Gwen Carter, a spokeswoman for the agency, said Adult Protective Services conducted 8,366 investigations of confirmed cases of abuse or neglect of either elderly or disabled people in the 12-county region that includes Galveston County last year. That’s a 55 percent increase from the 5,400 cases investigated in 1997.

Many cases could be prevented if friends, neighbors or family members paid closer attention. The most important thing is to constantly communicate with a neighbor, family member or friend who is elderly or disabled. Talking to that person or checking up on him goes a long way in preventing possible abuse or neglect.

“It’s everybody’s responsibility to look out because when something happens, (the consequences are) horrible when it does,” she said.

Some of Sainz’s neighbors indicated they noticed unusual behavior or changes in lifestyle.

“She would just drive her car frequently, but then all the sudden she stopped driving it and I noticed her son was driving her car more often,” said neighbor Pascual Valdez. “I was assuming she moved away because we hadn’t heard from her in awhile.”

While not commenting on the Sainz case specifically, Carter said neighbors or friends who notice a change in behavior should check on the person. “There’s no harm done just to ask someone how he or she are doing,” she said. “If you do, you may just save a life.”

Carter said people should look out for signs of trouble. “If you see them and they are unkempt or unclean or if they have pets and they begin to accumulate lots of more pets, you should ask,” she said.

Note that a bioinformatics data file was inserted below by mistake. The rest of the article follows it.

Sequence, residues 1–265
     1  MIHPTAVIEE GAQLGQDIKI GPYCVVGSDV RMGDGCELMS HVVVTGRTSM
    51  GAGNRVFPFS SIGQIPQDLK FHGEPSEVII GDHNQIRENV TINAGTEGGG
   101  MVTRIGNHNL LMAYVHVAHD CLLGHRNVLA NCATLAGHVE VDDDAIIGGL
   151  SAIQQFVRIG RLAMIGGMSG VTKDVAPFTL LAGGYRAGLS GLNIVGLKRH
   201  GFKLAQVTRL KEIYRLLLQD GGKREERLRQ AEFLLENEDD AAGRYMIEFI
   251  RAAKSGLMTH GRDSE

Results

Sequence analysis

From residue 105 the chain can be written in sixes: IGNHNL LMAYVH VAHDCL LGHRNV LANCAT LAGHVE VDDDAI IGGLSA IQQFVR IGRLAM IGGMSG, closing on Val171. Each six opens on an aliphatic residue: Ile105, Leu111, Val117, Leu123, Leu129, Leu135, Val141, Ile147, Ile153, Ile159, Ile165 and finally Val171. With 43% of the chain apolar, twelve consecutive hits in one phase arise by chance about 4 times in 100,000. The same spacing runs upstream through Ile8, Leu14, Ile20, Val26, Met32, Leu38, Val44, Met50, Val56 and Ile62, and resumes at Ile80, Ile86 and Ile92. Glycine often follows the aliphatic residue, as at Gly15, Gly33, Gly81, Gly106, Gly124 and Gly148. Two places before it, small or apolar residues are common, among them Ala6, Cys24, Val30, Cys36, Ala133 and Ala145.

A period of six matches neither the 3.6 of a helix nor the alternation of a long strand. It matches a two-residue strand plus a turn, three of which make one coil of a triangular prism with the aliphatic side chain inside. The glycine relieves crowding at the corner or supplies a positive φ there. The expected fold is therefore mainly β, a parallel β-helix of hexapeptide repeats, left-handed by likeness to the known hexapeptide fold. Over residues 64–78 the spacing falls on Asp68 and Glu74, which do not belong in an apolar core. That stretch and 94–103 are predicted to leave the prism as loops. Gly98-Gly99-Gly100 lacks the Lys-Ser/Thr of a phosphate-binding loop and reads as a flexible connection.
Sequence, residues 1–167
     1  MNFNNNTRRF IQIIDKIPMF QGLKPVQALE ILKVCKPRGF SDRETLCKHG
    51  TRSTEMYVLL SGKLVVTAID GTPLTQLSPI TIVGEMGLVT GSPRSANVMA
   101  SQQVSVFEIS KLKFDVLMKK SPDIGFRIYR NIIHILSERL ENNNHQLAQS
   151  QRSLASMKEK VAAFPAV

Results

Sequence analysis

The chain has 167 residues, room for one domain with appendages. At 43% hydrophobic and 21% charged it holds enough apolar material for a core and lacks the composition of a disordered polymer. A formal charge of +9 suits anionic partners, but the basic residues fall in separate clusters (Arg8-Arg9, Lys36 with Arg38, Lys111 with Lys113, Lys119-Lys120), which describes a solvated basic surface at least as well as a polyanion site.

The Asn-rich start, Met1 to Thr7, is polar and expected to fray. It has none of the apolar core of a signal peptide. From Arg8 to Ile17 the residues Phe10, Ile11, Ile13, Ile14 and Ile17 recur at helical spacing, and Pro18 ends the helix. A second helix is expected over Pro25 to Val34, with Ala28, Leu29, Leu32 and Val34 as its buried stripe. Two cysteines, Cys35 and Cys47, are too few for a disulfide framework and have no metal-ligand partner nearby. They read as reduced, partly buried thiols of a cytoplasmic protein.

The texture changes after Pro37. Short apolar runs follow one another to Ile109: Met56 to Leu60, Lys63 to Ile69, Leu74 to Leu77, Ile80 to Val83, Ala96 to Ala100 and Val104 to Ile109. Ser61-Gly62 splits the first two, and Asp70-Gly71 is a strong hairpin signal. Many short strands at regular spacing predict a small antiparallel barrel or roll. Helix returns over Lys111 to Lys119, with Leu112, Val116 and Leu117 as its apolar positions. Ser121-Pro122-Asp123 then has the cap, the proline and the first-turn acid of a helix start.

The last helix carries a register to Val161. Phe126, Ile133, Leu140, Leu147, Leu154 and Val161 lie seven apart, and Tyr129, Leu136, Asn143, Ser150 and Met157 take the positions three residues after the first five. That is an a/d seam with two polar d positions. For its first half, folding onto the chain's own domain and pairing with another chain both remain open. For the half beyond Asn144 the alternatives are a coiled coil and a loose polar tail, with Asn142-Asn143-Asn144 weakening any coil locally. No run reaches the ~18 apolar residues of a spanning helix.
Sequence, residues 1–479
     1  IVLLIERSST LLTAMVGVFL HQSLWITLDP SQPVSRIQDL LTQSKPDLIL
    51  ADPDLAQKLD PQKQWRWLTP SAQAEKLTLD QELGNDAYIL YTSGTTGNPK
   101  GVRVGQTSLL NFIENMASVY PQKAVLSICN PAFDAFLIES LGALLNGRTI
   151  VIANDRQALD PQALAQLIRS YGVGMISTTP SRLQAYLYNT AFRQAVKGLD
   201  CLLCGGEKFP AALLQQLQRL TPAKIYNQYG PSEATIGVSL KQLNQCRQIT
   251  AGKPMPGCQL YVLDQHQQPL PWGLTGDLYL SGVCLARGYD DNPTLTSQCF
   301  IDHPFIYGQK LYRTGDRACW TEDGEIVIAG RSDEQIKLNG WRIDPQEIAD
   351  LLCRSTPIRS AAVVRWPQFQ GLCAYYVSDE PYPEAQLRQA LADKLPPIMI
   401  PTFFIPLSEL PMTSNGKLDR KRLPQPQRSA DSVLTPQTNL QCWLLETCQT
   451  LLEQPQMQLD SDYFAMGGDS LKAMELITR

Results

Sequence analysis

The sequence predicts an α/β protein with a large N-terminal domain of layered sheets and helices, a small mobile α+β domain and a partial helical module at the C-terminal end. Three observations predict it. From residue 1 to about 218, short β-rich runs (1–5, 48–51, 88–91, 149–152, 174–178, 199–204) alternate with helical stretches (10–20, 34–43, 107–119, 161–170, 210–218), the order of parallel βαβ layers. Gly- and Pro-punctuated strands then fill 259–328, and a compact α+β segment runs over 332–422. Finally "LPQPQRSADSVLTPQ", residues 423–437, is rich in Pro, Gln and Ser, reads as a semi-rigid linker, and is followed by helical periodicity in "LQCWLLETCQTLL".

Not seeing a person for a long time is also an indicator something is wrong, Carter said. She also said cases of neglect are not necessarily criminal cases. Sometimes, a person just doesn’t have the means to care for the victim. (info from the Galveston Daily News)

Tuesday, December 2, 2008

Man busted after calling 911 for gas

A man in Watertown, New York man faces drug and alcohol charges after he called 911 to report he was out of gas.

Christopher J. Munn Jr. was charged with Unlawful Possession of Marijuana and Open Container of Alcohol when State Police investigated a complaint of an illegally parked van.

While investigating, the trooper at the scene was informed that the driver had called Jefferson County 911 to report he was out of gas.

The trooper also noticed a glass pipe and a device commonly used to grind marijuana, in plain view in the vehicle. The pipe was found to contain marijuana residue.

Munn was issued appearance tickets for court. (info from Newport Television)

Monday, December 1, 2008

Blackout kills 911 service in Florida

Most small business bosses and even home computer users know they need a back-up battery system to keep their computers running when the juice stops flowing from the electric company. Hospitals, hotels and government buildings often have big diesel generators standing-by to provide emergency electricity.

But apparently the folks who run the 911 center in Broward County, Florida (including Fort Lauderdale) had too much faith in the power company.

The outage occurred around 9:45 a.m. on Sunday and affected the 911 call system and the computer aided dispatch system. The department's non-emergency phone line was also affected. Within an hour, the 911 and computer aided dispatch systems were operational again. The non-emergency phone line was restored around noon.

A sheriff's office spokesperson said Florida Power & Light caused the outage. There was no estimate of how many calls may have been missed when the systems were down. Reports that the center was seeking proposals for the installation of a generator powered by gerbils on a treadmill could not be confirmed. (info from